Wednesday, February 22, 2012

South Sudan: Japanese engineers join UN mission to build roads and bridges

UN - Japanese engineering peacekeepers arriving in Juba, South Sudan, on 20 February 2012. Photo: UNMISS21

21 February 2012 –
A Japanese engineering contingent has arrived in South Sudan to join the United Nations peacekeeping mission in the young country and help build roads and bridges in areas with very little basic infrastructure.

The group of 120 engineers from the Japanese Ground Self-Defence Force (GSDF) follows the arrival of an advance team of 34 logisticians from Japan last month, the mission (UNMISS) reported yesterday.

By next month a full contingent of 330 engineers will be in place, as will road rollers, excavators, bulldozers and water tankers.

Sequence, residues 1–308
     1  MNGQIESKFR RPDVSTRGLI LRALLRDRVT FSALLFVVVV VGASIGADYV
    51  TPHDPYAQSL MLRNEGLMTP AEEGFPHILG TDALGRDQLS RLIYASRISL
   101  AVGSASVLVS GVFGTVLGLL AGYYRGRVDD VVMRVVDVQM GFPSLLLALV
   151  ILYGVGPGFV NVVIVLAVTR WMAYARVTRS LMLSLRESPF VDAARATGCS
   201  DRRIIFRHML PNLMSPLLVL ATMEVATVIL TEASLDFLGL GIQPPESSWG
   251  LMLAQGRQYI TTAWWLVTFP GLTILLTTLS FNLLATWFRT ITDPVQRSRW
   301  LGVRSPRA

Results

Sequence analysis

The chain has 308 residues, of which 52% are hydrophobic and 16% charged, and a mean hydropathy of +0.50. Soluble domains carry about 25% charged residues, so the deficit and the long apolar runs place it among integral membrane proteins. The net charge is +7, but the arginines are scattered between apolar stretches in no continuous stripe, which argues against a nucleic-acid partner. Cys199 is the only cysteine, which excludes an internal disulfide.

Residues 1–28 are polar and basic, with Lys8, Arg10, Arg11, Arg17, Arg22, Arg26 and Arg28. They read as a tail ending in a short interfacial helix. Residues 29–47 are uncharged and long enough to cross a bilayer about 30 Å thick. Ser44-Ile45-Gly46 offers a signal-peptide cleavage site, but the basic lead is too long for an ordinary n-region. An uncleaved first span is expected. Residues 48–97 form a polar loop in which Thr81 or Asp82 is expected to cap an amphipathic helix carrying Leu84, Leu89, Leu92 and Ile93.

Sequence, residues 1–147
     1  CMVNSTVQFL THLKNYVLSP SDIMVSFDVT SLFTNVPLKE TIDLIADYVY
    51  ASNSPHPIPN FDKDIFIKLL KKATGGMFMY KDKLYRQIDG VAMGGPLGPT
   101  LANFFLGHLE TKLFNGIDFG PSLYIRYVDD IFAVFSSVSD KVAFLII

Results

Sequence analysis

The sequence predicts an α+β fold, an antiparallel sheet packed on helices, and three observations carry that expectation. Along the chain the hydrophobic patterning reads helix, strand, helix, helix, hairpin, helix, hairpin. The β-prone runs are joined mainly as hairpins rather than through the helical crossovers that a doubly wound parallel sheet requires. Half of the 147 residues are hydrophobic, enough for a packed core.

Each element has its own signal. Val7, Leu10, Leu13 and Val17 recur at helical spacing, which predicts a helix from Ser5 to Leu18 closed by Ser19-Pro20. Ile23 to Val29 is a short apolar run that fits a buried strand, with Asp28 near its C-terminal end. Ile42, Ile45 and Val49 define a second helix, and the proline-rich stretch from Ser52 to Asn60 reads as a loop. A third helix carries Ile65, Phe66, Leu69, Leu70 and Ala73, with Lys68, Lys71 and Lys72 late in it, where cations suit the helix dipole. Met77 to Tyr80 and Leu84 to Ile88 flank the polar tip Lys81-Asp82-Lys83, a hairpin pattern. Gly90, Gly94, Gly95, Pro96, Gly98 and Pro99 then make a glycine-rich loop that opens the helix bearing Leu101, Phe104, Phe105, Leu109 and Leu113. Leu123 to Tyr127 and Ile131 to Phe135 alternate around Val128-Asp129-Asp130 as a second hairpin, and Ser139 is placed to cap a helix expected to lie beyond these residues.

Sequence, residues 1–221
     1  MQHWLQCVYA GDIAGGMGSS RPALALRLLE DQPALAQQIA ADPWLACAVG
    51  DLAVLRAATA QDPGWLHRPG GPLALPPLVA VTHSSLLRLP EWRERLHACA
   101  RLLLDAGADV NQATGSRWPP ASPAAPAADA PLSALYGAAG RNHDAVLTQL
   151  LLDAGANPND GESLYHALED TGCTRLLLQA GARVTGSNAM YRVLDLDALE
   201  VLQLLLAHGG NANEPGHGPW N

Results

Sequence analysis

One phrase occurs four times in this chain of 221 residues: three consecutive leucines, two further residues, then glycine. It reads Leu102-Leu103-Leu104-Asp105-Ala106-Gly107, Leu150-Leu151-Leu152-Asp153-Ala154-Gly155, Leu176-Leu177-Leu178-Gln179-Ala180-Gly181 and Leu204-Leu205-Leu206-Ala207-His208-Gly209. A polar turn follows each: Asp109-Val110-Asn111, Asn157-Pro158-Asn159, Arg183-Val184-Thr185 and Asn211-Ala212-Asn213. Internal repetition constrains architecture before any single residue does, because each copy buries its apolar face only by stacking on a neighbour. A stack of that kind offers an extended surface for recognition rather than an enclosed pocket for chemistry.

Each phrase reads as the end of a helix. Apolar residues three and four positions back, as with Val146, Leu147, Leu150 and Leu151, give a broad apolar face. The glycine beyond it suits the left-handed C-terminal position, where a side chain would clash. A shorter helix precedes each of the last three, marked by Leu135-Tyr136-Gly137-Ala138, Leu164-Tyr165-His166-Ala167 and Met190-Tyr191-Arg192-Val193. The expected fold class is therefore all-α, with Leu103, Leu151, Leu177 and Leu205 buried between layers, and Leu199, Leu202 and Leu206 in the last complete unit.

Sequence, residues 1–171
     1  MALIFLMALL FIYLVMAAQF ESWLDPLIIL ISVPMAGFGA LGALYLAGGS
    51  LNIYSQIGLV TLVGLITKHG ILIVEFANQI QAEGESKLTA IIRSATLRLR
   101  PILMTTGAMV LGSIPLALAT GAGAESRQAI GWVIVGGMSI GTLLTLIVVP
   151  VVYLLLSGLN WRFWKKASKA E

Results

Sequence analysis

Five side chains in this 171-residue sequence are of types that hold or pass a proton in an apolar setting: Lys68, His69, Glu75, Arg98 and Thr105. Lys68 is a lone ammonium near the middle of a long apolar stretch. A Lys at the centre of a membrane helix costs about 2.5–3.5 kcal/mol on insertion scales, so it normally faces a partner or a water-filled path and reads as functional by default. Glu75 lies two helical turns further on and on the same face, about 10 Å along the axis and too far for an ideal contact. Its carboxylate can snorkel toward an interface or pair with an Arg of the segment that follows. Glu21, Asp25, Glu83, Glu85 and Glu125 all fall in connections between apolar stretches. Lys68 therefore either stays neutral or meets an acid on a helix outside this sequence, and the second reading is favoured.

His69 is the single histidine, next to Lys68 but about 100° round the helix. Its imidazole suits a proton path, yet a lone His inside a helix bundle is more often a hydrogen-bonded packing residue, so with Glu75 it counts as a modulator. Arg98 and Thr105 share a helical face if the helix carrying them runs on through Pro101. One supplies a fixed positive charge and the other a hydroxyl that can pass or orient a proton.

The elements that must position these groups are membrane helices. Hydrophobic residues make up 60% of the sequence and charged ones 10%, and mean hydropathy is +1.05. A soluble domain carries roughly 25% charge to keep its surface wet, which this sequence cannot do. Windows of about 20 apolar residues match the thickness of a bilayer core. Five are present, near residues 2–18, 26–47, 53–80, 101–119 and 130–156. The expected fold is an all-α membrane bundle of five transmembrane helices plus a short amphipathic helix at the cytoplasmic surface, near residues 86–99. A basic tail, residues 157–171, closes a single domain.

South Sudan, which became independent from Sudan in July last year, has hardly any tarmacked roads or other basic infrastructure, a legacy in part of years of civil war in Sudan.

Colonel Toru Namatame, who heads the Japanese unit in UNMISS, said his team specialized in “horizontal engineering” and its main role would be constructing roads and bridges.

Hilde F. Johnson, the head of UNMISS and the Secretary-General’s Special Representative for South Sudan, voiced her gratitude to Japan for the new contingent.

“The arrival of the Japanese Engineering Contingent is a welcome addition to the mission and its efficiency will only strengthen our efforts to provide assistance to the new nation,” she said today.